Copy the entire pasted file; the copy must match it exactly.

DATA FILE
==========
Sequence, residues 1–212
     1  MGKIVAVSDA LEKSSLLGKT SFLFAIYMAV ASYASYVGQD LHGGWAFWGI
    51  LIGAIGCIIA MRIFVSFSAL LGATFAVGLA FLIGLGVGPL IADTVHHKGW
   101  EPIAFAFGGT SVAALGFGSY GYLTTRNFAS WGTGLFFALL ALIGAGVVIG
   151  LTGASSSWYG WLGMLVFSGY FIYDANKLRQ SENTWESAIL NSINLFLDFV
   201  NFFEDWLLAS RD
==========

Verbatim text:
Sequence, residues 1–212
     1  MGKIVAVSDA LEKSSLLGKT SFLFAIYMAV ASYASYVGQD LHGGWAFWGI
    51  LIGAIGCIIA MRIFVSFSAL LGATFAVGLA FLIGLGVGPL IADTVHHKGW
   101  EPIAFAFGGT SVAALGFGSY GYLTTRNFAS WGTGLFFALL ALIGAGVVIG
   151  LTGASSSWYG WLGMLVFSGY FIYDANKLRQ SENTWESAIL NSINLFLDFV
   201  NFFEDWLLAS RD